3. In The Court Of The Crimson King (1969)kingcrimson_inthecourt

The debut still ranks as a beloved prog-rock touchstone, and there really wasn't anything like it at the time. The proto-metal “21st Century Schizoid Man” announced the band in a major way, but the epic “Epitaph” is the true standout of the debut, with Greg Lake's vocals and Fripp's Mellotron interlocking in spooky, majestic ways. “I Talk To The Wind” and “Moonchild” are the more precious, twee halves of the other songs, while the title track bridges both approaches. With the cover art, the lyrics, the overwhelming sound and the lack of concession to anything commercial, King Crimson and this album immediately stood out from the pack, and in a year where experimentation ruled, KC instantly developed a cult following.


kingcrimson_thrak2. Thrak (1995)

After taking a decade off, Crimson added two members and formed a “double trio,” an experiment of two bands of three working apart and together, often in the same song. But rather than use this to write 12-minute free-form jazz noodlings or self-important inaccessible math rock, the band used its hard rock and pop leanings to create a truly great modern prog album. The skewed, avant-garde lines of Talking Heads are probably the closest comparison, but the guitar crunch of “Dinosaur” is Crimson moving into the ’90s, as is the mind-warping, spooky midsection of the song. “People” plays it somewhat straight until an extended instrumental fadeout, “B’boom” makes the most of its two drummers with an onslaught and both the title track, “VROOOM” and “Coda: Marine 475” revisit the heady instrumental days of “Red” to superb results. “Walking On Air” is hands down the best ballad the band ever recorded, Belew reaching into his upper register to deliver a more moving song that Fripp had ever intended for this band, the jagged “Sex Sleep Eat Drink Dream” is true avant noise-pop that only Belew could have pulled off at this point, and “One Time” is a moving, world-beat-inspired ballad with an absolutely gorgeous midsection that sounds like sadness personified. With a mix of true emotion, hard rock crunch, unconventional but accessible songwriting and signature Crimson flairs and approaches, this is one of the band’s finest hours, and it’s a shame they abandoned this approach so quickly in favor of the ProjeKcts that would take up the rest of the decade.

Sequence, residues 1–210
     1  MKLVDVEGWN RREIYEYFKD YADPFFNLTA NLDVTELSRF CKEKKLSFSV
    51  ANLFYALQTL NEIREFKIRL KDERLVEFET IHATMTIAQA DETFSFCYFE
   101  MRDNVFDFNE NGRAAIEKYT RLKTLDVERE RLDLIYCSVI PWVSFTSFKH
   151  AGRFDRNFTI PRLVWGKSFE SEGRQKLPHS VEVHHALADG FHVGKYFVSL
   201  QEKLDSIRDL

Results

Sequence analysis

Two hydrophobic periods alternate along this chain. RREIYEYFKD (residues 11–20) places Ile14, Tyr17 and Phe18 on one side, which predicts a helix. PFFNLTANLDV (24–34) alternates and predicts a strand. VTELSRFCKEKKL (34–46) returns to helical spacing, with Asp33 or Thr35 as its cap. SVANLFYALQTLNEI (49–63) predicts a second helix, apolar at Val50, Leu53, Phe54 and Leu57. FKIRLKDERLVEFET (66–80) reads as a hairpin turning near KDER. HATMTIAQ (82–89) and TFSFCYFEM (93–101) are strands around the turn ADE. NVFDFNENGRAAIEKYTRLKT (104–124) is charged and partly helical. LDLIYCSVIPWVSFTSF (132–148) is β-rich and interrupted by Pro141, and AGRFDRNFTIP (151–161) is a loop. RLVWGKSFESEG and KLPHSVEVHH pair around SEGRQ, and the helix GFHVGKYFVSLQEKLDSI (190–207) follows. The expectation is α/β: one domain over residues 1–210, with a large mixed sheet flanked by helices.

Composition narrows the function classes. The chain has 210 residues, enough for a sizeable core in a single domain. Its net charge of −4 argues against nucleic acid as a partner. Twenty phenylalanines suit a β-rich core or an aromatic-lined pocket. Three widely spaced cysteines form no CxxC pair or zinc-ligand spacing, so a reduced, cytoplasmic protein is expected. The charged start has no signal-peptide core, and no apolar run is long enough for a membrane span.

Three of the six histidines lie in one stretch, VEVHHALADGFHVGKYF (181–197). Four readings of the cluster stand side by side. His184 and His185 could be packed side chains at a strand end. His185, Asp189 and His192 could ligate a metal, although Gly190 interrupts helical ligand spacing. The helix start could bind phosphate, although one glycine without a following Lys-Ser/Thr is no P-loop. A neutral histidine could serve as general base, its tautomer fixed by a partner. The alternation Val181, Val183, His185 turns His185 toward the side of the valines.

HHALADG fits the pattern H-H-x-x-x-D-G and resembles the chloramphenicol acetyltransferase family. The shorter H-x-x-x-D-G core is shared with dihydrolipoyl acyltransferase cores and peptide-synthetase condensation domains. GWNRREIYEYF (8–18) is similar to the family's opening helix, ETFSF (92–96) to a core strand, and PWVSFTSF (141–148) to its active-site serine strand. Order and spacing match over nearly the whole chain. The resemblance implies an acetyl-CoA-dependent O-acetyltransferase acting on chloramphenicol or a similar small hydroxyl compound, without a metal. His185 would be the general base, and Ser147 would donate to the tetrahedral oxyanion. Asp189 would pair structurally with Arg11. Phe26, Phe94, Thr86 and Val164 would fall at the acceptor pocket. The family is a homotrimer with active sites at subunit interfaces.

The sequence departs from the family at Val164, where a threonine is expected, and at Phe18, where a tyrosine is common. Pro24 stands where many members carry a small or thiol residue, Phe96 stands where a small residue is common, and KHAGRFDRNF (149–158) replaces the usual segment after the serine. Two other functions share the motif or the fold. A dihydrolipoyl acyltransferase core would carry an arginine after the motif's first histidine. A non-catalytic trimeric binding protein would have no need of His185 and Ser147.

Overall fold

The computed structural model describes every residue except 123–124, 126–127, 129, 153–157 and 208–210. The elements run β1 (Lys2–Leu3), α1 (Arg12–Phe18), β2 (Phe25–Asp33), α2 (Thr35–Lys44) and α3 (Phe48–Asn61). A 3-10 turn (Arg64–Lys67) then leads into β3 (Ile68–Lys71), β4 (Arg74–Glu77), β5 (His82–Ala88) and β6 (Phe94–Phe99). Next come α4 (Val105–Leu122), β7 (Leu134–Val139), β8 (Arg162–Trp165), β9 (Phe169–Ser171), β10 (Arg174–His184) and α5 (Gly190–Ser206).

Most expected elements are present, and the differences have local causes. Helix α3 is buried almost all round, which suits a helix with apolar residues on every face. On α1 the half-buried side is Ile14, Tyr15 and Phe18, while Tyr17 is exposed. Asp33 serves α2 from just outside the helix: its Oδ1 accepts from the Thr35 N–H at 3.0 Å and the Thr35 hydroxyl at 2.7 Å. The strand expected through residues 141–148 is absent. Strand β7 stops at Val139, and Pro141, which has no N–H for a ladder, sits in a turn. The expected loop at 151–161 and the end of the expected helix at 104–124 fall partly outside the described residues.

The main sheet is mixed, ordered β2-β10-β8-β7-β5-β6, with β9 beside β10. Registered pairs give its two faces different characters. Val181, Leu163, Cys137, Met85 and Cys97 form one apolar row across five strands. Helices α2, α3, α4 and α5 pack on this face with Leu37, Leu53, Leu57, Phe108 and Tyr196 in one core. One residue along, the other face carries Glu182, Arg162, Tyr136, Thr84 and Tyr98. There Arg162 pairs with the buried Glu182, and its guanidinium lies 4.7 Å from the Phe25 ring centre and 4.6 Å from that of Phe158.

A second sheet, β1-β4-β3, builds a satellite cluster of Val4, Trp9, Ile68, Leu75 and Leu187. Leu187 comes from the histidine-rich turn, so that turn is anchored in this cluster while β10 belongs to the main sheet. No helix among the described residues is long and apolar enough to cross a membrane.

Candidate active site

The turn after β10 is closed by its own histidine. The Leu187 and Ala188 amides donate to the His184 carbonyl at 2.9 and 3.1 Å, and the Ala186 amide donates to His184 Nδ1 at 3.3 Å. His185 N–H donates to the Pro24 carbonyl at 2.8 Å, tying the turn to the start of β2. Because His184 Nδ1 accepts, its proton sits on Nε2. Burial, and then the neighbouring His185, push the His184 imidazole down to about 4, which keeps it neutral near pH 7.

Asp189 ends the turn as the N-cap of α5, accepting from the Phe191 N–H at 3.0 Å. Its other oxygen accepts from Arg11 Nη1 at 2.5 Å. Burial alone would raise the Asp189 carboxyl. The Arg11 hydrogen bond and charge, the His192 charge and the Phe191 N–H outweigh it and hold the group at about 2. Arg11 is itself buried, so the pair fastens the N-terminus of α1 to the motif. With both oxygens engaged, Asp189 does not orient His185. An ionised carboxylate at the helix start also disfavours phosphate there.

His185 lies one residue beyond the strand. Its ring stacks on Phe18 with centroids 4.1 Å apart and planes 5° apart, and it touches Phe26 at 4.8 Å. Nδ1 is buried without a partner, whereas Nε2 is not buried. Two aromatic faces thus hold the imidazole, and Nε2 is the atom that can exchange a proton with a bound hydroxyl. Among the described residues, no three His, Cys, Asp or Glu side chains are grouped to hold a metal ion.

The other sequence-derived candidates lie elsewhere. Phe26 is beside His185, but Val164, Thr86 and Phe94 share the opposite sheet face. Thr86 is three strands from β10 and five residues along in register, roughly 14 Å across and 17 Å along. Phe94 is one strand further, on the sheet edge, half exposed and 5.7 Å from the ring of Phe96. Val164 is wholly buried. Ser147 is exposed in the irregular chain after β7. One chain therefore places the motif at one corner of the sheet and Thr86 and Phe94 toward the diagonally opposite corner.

1.     Discipline (1981)kingcrimson_discipline_150

Absolutely the band’s finest album, one of the best of the 1980s and an example of how Crimson would infuse their approach with current influences, rather than completely shift directions the way Yes and Genesis did or collapse the way ELP did. The band was reborn when Fripp and Adrian Belew started working together; fresh off touring with the Talking Heads and playing on David Bowie’s Scary Monsters, Belew brought a skewed pop sensibility and a flair for odd guitar noises that appealed to Fripp’s nature, and together they created a sort of “new wave” Crimson album. Discipline lives up to its name and its cover art, seven songs full of knotty rhythms and complex, detailed playing that still manages to be catchy. Lyrics are at least paid attention to a little bit this time, if a tad repetitive or weird, but nobody listens to Crimson for the lyrics anyway. The gorgeous “Matte Kudasai,” the kinetic rocker “Frame By Frame,” the long, fractured, percussion-heavy instrumental “The Sheltering Sky,” and the twin guitar attack of the title cut are true standouts in the band’s catalog, while “Thela Hun Ginjeet” presents a jagged slice of urban living, with Belew relating a story to Fripp while the guitar stabs in the background over top of an insistent five-note bass line and some challenging drum patterns. Only “Indiscipline” is kind of a weak link, but, like opener “Elephant Talk,” it’s more fun than this band has had in its whole career.